All my life, I’ve seen cats curled up together in bundles of warmth and love, and all my life, I wished my own cats could enjoy that depth of sweet, fuzzy camaraderie. But alas, once they grew out of kittenhood, my own feline companions decided to eschew any kind of affection that included physical contact.
Don’t get me wrong: Every cat I’ve ever loved has been more than willing to snuggle with me! But with one another? Not so much. Until 2006, that is.
About six months after I adopted Dahlia from my local shelter, I woke up one morning to find her sitting next to her big brother, Thomas, basking in a sun puddle and watching birds through my large picture window.
I thought that was cute, but it was nothing compared to the heart-melting sweetness to come.
Shortly after I moved into a new apartment, I came home from work to find this:
I can’t even tell you the amount of self-control it took me to resist the urge to squeal out loud.
But that was only the beginning.
As the years passed, Dahlia and Thomas only got closer and adored each other more and more with the passing of each year. At least once a week, I’d find them together in blissful tangles of paws, heads, and tails, sleeping contentedly or licking one another in all those places a kitty just can’t quite reach, each purring with delight.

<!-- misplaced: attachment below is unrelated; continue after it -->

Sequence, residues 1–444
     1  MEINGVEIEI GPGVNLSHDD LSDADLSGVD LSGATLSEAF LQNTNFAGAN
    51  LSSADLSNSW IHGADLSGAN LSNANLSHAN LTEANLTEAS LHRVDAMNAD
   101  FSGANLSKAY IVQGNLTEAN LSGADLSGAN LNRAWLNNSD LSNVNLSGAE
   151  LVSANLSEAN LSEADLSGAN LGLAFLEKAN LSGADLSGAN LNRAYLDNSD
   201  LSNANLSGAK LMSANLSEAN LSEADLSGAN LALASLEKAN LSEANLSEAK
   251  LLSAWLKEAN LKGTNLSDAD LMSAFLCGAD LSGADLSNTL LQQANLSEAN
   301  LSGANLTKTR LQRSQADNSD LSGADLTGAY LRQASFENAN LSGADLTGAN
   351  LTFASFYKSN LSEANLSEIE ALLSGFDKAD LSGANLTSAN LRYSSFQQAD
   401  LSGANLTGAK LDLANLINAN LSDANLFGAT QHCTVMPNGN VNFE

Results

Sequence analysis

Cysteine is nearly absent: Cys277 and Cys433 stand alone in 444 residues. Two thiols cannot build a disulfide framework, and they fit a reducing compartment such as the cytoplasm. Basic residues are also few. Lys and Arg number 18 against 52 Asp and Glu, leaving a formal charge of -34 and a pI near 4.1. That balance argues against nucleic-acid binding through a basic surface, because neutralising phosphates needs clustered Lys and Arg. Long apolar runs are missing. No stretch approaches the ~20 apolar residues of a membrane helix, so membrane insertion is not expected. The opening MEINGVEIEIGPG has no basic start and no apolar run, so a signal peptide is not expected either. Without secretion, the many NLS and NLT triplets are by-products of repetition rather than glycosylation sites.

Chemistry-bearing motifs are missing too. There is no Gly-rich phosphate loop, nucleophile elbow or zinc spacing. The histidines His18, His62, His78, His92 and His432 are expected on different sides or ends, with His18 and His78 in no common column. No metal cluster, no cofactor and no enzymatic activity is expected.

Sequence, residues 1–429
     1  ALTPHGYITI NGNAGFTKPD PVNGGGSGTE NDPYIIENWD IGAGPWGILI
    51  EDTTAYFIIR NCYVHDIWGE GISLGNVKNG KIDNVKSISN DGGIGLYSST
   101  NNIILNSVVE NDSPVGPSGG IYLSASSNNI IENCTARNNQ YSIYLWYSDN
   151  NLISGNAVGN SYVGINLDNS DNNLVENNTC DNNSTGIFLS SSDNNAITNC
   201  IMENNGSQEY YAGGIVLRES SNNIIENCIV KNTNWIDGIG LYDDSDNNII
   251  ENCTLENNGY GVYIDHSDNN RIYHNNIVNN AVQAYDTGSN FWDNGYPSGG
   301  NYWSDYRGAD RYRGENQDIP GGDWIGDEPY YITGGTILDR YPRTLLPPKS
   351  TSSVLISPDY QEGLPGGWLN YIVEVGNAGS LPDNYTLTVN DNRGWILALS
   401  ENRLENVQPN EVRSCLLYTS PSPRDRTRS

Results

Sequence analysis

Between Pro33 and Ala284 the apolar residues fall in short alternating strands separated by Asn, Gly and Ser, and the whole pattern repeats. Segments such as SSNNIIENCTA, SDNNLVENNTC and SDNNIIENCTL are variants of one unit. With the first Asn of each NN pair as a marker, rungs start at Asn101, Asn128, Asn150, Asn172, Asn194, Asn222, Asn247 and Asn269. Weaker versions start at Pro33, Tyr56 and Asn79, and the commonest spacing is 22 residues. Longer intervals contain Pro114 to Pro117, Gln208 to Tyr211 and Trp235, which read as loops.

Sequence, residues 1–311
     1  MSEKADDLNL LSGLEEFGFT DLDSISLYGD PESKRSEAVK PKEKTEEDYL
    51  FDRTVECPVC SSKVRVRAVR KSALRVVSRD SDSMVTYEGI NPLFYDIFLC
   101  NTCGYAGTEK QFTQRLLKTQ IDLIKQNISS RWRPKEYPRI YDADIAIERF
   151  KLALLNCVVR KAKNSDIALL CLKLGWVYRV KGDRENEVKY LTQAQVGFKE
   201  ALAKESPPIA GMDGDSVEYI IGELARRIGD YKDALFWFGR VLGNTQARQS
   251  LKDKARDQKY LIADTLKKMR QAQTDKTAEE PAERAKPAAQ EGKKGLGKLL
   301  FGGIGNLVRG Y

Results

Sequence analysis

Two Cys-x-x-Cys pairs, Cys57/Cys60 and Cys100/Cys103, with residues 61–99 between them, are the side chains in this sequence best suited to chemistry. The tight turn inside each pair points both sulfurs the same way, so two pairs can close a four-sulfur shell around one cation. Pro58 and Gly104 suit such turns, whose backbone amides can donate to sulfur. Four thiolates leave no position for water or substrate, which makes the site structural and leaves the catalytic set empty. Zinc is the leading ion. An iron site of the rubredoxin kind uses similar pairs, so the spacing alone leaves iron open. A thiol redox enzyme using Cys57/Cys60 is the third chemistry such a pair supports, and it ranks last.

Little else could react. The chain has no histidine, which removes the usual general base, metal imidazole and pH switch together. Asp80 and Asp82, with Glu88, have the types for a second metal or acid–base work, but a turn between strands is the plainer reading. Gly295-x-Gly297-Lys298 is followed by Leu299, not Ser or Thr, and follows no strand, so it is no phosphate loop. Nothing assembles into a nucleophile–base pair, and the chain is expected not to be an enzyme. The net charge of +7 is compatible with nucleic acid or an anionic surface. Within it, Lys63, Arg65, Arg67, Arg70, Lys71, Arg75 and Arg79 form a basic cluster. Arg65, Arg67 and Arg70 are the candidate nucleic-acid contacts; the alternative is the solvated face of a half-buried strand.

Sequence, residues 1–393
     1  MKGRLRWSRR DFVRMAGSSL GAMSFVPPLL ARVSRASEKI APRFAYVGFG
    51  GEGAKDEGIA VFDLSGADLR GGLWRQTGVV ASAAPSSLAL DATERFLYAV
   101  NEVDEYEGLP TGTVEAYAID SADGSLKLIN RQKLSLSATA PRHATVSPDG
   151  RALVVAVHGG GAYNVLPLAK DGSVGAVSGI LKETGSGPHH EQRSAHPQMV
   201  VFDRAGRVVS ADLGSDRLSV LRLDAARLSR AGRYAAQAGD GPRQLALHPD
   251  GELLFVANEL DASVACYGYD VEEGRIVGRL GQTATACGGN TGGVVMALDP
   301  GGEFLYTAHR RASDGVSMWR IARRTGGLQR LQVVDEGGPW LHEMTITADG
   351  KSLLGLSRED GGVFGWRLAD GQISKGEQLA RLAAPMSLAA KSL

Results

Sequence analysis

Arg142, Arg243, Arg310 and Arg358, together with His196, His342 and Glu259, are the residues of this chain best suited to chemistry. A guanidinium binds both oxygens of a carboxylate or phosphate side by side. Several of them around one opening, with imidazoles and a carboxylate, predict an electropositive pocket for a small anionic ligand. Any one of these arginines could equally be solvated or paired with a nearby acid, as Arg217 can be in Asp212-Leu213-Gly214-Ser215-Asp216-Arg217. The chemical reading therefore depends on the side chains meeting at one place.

I even made a video of them engaging in one of their mutual grooming sessions.
(In a reader? Watch the video — and feel your heart melt — here.)
Just last weekend, Thomas and Dahlia spent almost an entire day snuggling together. Every time I looked at them, they were in a cuter pose. I bravely resisted the urge to take photos and destroy this endless series of precious moments, telling myself that at least once I should leave the lovebirds alone and let them enjoy their special time.
My Top Cat, Siouxsie, however, has always resisted the urge to cuddle with other cats. But Dahlia is even winning Miss Tough-Nut-to-Crack over with her charms. I’ve caught the two of them in acts of what I call deniable snuggling: that is, being in physical contact but making it appear as though it only happened by accident.